SPEAKERS:
Carey Dieleman (National Science Teaching Association: No City, No State), Brian Kutsch (National Science Teaching Association, eCYBERMISSION)

The Highs and Lows of the Weather - A Look Into Nor'easters and The Winter Bomb Cyclone

Thursday, October 26 • 3:40 PM - 4:40 PM

Kansas City Convention Center - 2105


STRAND: Students and Sensemaking

Show Details

The conceptual understanding of the interactions between Earth Systems, particularly the atmosphere and the hydrosphere, allows students to expand their knowledge further of concepts like weather, climate, and climate change. But research (Dove, 1999; Henriques, 2002; Phillips, 1991) shows that teachers and students have a poor understanding of basic weather-related concepts. In this workshop, teachers will be given a 5E lesson incorporating activities that will enable them to better integrate the phenomena of high and low-pressure systems (Disciplinary Core Idea ESS2D) into their curriculum. Besides the 5E lesson, participants will receive additional resources for implementing how these highs and lows interact during the winter to produce Nor'easters and Midwestern Winter Bomb systems. This workshop aims to better prepare those teaching about this important phenomenon in our nation's classrooms.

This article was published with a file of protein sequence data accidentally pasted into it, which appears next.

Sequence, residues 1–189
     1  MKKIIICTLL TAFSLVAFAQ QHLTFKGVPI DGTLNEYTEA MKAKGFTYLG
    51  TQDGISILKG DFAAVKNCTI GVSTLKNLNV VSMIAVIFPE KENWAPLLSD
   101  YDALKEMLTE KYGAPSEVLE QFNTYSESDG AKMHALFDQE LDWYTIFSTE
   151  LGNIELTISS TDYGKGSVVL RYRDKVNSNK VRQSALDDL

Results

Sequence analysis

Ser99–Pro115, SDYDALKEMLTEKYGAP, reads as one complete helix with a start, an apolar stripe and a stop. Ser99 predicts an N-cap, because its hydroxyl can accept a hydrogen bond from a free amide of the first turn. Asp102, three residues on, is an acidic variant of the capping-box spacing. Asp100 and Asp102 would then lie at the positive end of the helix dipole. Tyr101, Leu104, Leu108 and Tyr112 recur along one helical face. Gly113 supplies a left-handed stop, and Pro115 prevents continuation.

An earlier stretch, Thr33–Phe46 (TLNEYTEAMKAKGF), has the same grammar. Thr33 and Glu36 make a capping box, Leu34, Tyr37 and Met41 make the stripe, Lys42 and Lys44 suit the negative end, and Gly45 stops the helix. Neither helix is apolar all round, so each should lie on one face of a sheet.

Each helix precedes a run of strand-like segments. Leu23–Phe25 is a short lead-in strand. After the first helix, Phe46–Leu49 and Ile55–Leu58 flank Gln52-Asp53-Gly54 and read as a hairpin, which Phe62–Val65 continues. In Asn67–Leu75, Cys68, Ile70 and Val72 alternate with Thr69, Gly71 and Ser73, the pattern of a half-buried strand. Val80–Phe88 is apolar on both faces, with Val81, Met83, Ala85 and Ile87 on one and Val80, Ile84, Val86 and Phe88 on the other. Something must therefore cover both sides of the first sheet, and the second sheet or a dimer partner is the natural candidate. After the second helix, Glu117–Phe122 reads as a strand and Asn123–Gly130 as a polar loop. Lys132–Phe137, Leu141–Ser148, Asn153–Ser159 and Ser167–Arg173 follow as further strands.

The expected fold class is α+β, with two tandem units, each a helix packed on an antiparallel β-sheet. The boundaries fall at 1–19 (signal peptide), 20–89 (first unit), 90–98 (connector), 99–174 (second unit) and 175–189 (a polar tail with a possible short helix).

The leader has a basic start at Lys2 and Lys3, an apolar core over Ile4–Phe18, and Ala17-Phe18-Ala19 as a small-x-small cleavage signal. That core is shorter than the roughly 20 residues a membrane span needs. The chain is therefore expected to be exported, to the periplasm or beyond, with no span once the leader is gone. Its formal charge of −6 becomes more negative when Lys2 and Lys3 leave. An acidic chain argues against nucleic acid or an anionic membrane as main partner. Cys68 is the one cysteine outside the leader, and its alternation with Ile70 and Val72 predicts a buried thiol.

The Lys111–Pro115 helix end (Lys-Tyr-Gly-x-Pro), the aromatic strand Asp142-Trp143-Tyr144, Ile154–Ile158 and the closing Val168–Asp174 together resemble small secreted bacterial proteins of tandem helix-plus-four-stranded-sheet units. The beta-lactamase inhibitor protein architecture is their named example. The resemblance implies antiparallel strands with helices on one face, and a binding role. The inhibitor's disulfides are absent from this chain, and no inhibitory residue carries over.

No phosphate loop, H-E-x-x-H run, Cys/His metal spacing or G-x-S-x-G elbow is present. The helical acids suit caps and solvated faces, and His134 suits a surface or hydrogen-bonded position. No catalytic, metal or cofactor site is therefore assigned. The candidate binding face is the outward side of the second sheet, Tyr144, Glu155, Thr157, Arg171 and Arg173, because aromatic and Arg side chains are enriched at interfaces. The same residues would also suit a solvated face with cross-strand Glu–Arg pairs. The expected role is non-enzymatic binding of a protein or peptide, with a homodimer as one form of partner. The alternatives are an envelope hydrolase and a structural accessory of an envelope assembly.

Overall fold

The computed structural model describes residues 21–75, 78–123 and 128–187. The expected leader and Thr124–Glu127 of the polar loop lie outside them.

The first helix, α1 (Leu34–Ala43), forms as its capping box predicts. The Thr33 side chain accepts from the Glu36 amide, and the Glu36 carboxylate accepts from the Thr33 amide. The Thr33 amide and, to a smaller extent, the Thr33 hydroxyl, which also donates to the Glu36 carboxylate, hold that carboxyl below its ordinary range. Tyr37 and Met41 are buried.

TAKEAWAYS:
Teachers will be given a 5E lesson incorporating activities that will enable them to integrate better the phenomena of high- and low-pressure systems into their curriculum. Participants will also receive additional resources on incorporating winter weather systems in the classroom.